Emily Schwing

Emily Schwing comes to the Inland Northwest by way of Alaska, where she covered social and environmental issues with an Arctic spin as well as natural resource development, wildlife management and Alaska Native issues for nearly a decade. Her work has been heard on National Public Radio’s programs like “Morning Edition” and “All things Considered.” She has also filed for Public Radio International’s “The World,” American Public Media’s “Marketplace,” and various programs produced by the BBC and the CBC. She has also filed stories for Scientific American, Al Jazeera America and Arctic Deeply.

Emily got her start in radio as an intern at KUER-FM 90 in Salt Lake City, Utah. She also pursued internship opportunities at National Public Radio and Deutsche Welle Radio in Bonn, Germany. After graduating with a Geology degree from Carleton College in Northfield Minnesota, she went on to study Natural Resource Management at the graduate level at the University of Alaska, Fairbanks.

When she is not chasing down quirky news stories, you can find her off the beaten path skiing, biking or running in the backcountry with her long-time canine companion, Ghost. Emily also has 300 hours’ worth of certified interdisciplinary training in Hatha Yoga from the Nosara Yoga Institute in Costa Rica.

Regardless of where you live in the Northwest, someone was there before you…but who?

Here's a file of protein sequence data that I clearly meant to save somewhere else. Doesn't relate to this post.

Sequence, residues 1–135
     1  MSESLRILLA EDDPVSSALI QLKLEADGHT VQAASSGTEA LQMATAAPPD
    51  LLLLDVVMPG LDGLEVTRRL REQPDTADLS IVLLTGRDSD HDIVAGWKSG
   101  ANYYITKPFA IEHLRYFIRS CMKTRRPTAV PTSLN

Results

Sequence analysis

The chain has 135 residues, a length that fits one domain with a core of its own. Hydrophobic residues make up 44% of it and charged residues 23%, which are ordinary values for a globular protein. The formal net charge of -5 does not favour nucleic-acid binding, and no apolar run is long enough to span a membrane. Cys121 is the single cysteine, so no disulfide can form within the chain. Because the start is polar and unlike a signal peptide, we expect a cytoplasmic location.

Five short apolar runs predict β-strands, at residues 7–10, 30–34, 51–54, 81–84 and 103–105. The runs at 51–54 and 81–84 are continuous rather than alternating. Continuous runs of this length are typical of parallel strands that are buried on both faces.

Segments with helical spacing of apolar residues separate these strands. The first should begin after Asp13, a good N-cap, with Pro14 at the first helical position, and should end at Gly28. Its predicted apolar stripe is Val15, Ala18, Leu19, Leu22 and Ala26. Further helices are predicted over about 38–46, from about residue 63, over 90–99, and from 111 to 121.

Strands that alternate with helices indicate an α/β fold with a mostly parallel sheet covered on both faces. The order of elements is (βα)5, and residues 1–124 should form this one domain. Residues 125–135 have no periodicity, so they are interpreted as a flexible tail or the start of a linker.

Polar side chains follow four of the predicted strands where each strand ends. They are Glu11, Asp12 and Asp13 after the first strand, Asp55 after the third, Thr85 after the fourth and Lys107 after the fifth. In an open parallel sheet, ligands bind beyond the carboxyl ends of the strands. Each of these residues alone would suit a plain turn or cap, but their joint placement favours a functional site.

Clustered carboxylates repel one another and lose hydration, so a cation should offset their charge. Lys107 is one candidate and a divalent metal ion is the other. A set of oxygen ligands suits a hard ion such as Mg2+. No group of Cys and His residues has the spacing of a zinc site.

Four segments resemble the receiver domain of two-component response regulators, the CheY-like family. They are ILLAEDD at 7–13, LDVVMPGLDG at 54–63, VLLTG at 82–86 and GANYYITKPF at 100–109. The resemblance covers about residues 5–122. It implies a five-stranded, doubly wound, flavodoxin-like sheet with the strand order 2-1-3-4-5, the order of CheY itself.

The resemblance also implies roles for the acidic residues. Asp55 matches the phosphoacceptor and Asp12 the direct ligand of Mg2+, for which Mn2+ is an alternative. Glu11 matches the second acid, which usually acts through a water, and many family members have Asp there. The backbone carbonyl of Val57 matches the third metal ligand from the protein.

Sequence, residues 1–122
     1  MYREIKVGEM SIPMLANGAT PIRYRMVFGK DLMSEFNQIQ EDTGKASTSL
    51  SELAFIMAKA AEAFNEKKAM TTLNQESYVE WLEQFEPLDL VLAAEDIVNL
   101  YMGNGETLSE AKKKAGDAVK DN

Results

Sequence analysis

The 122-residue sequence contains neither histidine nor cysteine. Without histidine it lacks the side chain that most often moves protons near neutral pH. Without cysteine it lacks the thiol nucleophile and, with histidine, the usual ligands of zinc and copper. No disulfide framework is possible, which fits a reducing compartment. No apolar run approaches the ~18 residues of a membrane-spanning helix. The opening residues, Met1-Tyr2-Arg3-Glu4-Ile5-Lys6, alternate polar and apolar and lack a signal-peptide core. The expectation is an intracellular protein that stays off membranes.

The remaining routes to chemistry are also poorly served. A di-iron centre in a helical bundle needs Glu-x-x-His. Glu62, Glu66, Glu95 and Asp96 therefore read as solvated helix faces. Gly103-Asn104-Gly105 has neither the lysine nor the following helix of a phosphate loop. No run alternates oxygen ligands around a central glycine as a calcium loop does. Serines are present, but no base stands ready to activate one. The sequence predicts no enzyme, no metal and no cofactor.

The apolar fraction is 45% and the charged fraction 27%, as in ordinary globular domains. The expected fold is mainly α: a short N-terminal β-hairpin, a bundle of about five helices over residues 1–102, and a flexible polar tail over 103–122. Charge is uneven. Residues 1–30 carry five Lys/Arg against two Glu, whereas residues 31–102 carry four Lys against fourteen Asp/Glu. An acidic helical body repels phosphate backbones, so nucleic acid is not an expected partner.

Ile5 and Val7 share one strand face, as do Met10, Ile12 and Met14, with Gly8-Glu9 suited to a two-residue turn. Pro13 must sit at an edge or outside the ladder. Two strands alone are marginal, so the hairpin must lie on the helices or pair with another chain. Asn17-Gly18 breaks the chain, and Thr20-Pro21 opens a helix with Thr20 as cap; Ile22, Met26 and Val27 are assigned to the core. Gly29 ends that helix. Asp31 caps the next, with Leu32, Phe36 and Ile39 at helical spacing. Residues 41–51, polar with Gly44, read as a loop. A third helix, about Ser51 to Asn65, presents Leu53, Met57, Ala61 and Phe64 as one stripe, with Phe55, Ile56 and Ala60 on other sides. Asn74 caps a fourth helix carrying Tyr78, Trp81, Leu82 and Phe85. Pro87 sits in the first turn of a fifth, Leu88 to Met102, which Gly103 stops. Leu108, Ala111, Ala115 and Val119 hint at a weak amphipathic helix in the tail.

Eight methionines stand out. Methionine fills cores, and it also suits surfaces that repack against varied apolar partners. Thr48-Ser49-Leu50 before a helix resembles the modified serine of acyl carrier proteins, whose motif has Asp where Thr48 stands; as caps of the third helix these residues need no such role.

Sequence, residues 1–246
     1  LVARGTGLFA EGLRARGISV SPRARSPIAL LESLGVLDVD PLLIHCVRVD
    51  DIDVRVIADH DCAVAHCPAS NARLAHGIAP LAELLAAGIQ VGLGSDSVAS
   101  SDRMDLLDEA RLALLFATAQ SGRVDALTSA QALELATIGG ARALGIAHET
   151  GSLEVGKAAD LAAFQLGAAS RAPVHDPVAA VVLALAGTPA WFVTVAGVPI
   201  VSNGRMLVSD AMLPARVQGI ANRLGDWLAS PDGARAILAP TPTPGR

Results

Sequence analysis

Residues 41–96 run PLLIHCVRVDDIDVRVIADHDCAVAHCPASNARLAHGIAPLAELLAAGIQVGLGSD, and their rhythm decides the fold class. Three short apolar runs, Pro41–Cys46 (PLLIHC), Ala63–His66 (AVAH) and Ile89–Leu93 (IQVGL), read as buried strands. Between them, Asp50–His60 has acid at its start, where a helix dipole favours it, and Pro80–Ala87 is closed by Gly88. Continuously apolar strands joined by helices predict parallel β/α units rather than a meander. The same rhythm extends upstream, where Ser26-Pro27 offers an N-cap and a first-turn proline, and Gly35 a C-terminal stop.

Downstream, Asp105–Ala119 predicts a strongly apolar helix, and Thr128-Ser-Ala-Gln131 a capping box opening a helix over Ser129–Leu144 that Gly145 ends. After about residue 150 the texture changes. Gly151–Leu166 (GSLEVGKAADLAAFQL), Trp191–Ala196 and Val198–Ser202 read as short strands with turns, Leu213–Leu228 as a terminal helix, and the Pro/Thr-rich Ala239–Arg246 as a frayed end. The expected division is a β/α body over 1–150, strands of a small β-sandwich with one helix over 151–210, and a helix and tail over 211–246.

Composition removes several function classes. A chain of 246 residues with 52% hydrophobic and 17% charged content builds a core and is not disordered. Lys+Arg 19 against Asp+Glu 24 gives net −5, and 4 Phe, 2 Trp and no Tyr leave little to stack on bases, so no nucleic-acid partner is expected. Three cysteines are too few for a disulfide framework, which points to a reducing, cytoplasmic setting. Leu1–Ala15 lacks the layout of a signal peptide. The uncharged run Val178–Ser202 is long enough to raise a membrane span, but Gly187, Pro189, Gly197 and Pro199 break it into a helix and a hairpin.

U.S. Customs and Border Protection plans to reduce operating hours at a border crossing between Danville, Washington, and Grand Forks, British Columbia, and residents in Ferry County, Washington aren’t pleased.

Trade was at the forefront of the conversation with U.S. Secretary of Agriculture Sonny Perdue Monday in Spokane.

Last year, the Washington state Supreme Court granted the Yakama Nation the right to transport goods and services across state lines without taxation. Attorneys and tribal members called it a landmark case for tribal sovereignty. Now the U.S. Supreme Court has agreed to review it.

As boat inspections in the Northwest ramp up for summer, an inspection at the Washington-Idaho border near Spokane last week turned up highly invasive zebra mussels.

Farmers in north central and northeast Washington are waiting for the waters to recede from their fields so they can repair the damage from recent flooding.

The first round of talks to modernize the U.S.-Canada Columbia River Treaty took place this week. Officials from the U.S. negotiating team briefed reporters on Thursday on progress at the talks, which are aimed at revising the 54-year-old agreement which governs hydropower and flood control along the Columbia River. 

Rep. Cathy McMorris Rodgers is lobbying for a bipartisan prison reform bill that passed the U.S. House of Representatives earlier this month. The Republican made the pitch in Spokane this week.

Methow Valley business owners are celebrating a relatively normal opening of the North Cascades Highway. The highway brings tourists and tourism dollars into the north central part of the state.  

If you’re looking to get outside on Memorial Day weekend, you might first check your phone. The U.S. Forest Service launched a mobile app this week that provides trail maps and updates on wildfires and road conditions for all of the Pacific Northwest’s national forests, a national grassland and one scenic area.

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